Book Review: Ghost Town by Rachel Caine

Ghost Town book

Ghost Town Rachel Caine Book Cover

Title: Ghost Town
Author: Rachel Caine
Genre: Fantasy, Young Adult
Series: The Morganville Vampires # 9

Date of Publication: November 2010
Publisher: New American Library

We’re back to Morganville for the ninth instalment of the Morganville Vampires book series!

Vampires and humans coexist (somewhat) peacefully in the sleepy town of Morganville, Texas.  During the day, Claire Danvers attends the local university, but at night she works for the mad, genius vampire Myrnin in his lab, where he mixes alchemy with science.  In this installment of the series, Claire and Myrnin “fix” the town’s security system, which insures that anyone who leaves Morganville immediately forgets about its uniqueness–namely, the fact that vampires roam the streets at night.  But something goes terribly wrong, and everyone starts to forget who they are. The fact that Claire’s boyfriend doesn’t recognize her is bad enough, but when vampires forget what they are and start to lose their inhibitions? Not yet plagued by memory loss, Claire must seek unlikely assistance in saving Morganville from itself.

I enjoyed this installment in the series, but I realized that I’m really starting to dislike the vampires, and it’s making me dislike Claire for wanting to protect them.  Early in the book, Claire kills a vampire in self defence, yet she is severely punished for it, because vampire lives are worth more than human lives in this twisted, messed-up reality.  I wouldn’t mind this fact at all if the vampires weren’t so whiny about it.  They’re very much “we’re the victims, despite the fact that we kill you all the time and don’t respect human lives at all”.  And it’s not in a psychopathic, only my feelings matter sort of way. It’s in a whiny, toddler-mentality sort of way. It’s very frustrating. In other books, like the Sookie Stackhouse series, at least the vampires are extremely narcissistic, egotistical, badass, and evil. Somehow what Caine is trying to do, making the vampires vulnerable, makes them seem spineless and, quite frankly, annoying. This has resulted in me strongly disliking all the  vampires, with the obvious exception of Myrnin, because he’s fabulous and wonderful and beautifully insane, which makes up for the boring monotony of Amelie and Oliver. I wouldn’t mind if Amelie and Oliver were to leave the entire series and we focused on Myrnin and his delightful weirdness for a book or two.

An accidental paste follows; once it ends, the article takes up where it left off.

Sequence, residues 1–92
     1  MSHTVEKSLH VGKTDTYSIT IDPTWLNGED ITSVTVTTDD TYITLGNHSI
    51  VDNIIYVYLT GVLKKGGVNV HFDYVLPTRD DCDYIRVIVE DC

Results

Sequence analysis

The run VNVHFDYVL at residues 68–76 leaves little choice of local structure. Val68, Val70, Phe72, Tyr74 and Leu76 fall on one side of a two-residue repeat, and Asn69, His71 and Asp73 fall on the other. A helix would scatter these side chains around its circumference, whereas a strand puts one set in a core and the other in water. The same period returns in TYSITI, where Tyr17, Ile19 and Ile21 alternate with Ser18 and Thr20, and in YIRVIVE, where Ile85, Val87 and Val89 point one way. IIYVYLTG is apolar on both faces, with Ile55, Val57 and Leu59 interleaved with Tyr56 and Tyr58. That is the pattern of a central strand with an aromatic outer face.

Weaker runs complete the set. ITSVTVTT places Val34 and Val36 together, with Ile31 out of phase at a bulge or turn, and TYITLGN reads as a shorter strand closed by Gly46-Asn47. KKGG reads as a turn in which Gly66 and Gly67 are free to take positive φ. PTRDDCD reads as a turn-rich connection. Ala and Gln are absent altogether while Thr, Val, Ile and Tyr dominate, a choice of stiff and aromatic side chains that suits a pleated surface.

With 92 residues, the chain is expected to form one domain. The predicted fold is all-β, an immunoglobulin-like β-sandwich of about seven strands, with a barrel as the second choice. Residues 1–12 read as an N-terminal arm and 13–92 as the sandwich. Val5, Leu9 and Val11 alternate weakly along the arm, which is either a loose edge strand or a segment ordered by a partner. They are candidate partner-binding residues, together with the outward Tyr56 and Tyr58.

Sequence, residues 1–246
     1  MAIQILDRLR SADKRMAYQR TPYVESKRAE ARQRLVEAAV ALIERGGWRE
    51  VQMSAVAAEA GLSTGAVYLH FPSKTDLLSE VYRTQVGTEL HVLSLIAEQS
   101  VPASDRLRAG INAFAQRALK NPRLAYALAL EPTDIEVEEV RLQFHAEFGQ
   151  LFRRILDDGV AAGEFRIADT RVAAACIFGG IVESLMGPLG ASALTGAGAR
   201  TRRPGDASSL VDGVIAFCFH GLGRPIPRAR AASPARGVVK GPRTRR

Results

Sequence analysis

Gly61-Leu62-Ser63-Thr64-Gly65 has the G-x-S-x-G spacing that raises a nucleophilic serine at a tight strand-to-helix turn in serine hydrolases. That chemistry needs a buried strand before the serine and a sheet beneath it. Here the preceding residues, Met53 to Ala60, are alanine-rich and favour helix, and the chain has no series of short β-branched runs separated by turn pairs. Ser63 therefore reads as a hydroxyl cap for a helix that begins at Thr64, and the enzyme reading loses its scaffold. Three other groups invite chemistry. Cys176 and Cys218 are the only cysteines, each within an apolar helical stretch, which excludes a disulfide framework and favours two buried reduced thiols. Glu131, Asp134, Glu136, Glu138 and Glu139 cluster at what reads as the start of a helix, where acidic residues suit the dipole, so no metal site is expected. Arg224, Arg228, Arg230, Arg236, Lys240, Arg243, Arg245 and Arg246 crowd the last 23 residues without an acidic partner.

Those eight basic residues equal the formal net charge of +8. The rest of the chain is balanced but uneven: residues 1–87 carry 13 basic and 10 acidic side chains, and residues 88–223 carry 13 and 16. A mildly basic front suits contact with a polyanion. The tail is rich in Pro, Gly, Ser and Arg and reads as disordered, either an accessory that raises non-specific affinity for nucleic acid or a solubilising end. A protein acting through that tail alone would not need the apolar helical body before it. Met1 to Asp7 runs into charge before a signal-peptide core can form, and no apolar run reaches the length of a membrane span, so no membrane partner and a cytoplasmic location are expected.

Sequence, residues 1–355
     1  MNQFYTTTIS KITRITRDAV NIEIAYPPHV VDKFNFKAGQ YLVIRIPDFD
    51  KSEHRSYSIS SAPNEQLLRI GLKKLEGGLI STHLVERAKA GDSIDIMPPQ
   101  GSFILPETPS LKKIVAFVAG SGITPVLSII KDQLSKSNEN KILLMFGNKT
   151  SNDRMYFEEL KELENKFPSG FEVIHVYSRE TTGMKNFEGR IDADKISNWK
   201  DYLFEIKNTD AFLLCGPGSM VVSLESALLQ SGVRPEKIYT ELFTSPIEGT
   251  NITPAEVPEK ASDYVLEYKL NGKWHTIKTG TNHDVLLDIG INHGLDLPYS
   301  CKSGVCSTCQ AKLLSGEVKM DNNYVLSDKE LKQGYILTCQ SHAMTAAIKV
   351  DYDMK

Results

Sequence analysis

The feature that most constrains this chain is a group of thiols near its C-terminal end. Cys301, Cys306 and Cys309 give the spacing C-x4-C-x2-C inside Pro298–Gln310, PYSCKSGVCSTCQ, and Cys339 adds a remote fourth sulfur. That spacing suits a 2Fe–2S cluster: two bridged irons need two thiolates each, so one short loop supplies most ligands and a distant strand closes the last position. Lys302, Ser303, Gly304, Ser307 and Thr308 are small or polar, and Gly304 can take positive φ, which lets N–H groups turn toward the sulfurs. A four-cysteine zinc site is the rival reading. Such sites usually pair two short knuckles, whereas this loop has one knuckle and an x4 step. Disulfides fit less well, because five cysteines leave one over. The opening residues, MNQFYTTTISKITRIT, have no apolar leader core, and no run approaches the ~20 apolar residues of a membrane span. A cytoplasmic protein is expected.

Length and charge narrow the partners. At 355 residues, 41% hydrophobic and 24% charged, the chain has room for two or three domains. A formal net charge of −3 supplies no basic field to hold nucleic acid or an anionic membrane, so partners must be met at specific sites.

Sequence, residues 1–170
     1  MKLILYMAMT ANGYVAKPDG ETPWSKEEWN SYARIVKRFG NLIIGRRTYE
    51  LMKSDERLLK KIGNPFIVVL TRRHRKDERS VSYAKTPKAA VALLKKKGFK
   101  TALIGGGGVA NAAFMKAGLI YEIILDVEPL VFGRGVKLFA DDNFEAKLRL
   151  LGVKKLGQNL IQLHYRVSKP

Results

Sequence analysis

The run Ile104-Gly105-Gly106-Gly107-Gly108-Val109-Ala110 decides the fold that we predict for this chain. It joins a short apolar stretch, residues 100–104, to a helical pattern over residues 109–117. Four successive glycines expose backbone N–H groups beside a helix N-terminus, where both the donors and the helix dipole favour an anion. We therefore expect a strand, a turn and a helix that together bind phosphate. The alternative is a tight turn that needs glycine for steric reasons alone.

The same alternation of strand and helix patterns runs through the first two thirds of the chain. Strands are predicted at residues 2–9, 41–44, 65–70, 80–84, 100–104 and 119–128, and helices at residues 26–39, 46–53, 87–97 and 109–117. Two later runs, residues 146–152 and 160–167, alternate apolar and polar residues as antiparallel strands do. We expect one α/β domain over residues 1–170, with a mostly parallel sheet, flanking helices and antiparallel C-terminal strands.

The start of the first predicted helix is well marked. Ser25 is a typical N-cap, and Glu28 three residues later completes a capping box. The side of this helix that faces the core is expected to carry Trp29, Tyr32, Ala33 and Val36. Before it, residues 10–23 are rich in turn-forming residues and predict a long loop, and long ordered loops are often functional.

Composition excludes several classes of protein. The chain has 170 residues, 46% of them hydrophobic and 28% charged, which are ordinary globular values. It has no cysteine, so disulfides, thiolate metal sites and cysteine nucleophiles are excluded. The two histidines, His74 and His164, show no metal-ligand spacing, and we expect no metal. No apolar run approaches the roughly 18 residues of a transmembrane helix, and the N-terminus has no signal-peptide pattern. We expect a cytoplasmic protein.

That said, this book featured some interesting character development for Amelie and Oliver. It shows that even vampires can learn life lessons.  They’re revealed as being capable of change, despite not having aged for hundreds of years.

The Morganville vampire series is still a young adult romance at heart, and it features some adorable scenes between Claire and her boyfriend, Shane. It’s heartbreaking when he forgets who she is, but this makes it even more satisfying when he trusts her and protects her while she tries to save the town.  At points it was a little too cheesy, particularly when Eve and Michael (Claire’s roommates) who are in love but don’t remember it, profess their crushes to each other. In the middle of a life-or-death situation.  I think it was meant to be cute, but it was really quite ridiculous.  But, to be honest, it was kind of accurate. Gotta love teenage hormones.

Another thing I love about this book series is the recaps at the beginning. Since the books jump into things without much preamble, it makes it easier for those who haven’t read the series in a while, or those who haven’t read the previous books, to understand what’s happening. There’s nothing worse than getting halfway through a book which you haven’t read the previous installment in years, and suddenly having a critical piece of information revealed to you–something that would have changed the way you interpreted the entire first half of the book. The book’s forward provides everything you need to know about the town, its idiosyncrasies, without too many major spoilers for what happened in the previous books.

Ghost Town Book review

I recommend this book to those who want to read about vampires, but not about romance with vampires. Claire falls in love with a human boy, but she’s still navigating a dangerous world filled with blood-sucking monsters. She’s also a relatable main character in the sense that she’s very human, very vulnerable, and a bit of a nerd.  Although, sometimes I think she’s too good, and I would like to see her go on a vampire killing spree. I guess I’ll just have to rewatch Buffy the Vampire Slayer if I want to see that.


Find the book:

Goodreads | Amazon


2 thoughts on “Book Review: Ghost Town by Rachel Caine

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